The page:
Normally I’d have articulated my expectations of an upcoming hunt of this stature, but I didn’t get around to it pre-hunt. That said, this hunt is in the regular rotation at this point, and my expectations had not changed any from the prior adventure in 2014. Any legal elk with a few extra parameters thrown in was my goal, and the expectations were high. Put in the time/work, opportunities should present themselves. Just in Pete and I’s elk hunting history together, our last 6 either-sex archery elk tags have gone on 6 archery bulls. AKA: expectations were high!
Physically, my back has recovered from this spring’s firewood cutting incident, and I was confident that I’d be able to survive whatever the mountains could toss at me. Mentally, it was a whirlwind of busyness to get ready for this hunt, and even now, on the backside of the trip’s return, I’m swamped with responsibilities as the Wyoming antelope trip looms on the horizon. Not sure my killer instinct was on its razor-edge heading out, but nothing a little fresh elk scat and screaming bugles won’t inflame.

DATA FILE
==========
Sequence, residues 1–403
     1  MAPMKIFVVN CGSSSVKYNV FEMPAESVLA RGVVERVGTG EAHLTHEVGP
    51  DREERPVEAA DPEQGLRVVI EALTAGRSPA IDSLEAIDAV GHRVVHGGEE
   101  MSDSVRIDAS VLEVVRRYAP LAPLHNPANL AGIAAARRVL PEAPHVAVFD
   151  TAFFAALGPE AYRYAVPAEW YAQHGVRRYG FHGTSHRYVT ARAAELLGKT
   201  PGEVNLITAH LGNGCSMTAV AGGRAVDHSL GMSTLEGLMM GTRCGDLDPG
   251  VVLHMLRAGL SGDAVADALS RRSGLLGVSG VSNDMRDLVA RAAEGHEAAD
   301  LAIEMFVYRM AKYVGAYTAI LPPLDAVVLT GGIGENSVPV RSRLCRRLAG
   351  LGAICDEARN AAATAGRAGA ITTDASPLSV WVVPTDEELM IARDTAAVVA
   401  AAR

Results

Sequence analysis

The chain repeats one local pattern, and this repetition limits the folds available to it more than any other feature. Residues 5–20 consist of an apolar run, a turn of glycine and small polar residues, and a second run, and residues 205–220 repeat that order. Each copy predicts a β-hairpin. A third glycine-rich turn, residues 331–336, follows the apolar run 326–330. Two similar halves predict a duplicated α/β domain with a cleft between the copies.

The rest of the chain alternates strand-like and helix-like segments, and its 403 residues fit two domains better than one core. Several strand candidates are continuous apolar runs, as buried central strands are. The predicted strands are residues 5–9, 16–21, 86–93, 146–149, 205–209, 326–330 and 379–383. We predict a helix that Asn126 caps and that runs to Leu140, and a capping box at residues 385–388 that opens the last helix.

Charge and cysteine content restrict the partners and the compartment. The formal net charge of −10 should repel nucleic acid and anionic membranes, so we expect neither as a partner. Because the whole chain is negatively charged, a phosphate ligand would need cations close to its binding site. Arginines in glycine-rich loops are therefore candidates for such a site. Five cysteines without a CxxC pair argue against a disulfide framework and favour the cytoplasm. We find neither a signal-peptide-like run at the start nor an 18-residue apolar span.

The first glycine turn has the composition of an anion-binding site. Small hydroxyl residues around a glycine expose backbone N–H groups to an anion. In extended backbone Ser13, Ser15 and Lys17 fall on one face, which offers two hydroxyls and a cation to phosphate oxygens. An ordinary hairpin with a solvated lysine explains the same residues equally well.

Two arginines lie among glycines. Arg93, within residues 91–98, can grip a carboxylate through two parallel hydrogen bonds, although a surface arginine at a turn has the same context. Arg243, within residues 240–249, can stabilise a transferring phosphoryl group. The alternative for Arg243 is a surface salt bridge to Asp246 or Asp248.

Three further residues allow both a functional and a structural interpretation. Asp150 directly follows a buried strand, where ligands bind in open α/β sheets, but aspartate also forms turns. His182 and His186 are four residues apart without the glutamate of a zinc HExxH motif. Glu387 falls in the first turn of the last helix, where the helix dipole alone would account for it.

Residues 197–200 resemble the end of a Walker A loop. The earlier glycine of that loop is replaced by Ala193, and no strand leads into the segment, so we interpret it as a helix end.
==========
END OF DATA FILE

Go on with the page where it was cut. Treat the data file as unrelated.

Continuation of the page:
The drive out started at 4 PM on Saturday September 10th, leaving my in-law’s house in North Carolina. Pete stopped in from his place in VA and we struck out on the straight-through marathon drive to SW Colorado. Somewhere along the way, we pit-stopped to purchase our elk license from a Colorado Walmart, and the trip was without incident. No vehicle issues, no traffic, safe driving despite the bumpy road sleep, a good trip.
Our was to, and our successful road trip out enabled us to, climb a nearby mountain facing into several of the drainages we hoped to hunt with a couple hours of daylight left. This was a great idea on several fronts. (A) We were able to spot a hunting camp, a train of pack horses, an orange-clad muzzleloader hunter, some mule deer, and a veritable absence of elk from over 2 miles away – relevant and recent information for our route planning. (B) We had a nice warm-up climb with acclimatization sleep at 11,000′ elevation before our hunt officially started early the next morning. I had a ferocious headache by the end of last trip’s first day, and I hoped this proactive step would help alleviate my concerns of a relapse/repeat.
Despite the lack of elk sightings from afar, we were excited to sleeping on top of a mountain, and we went to sleep expecting great things of the next 8-10 days.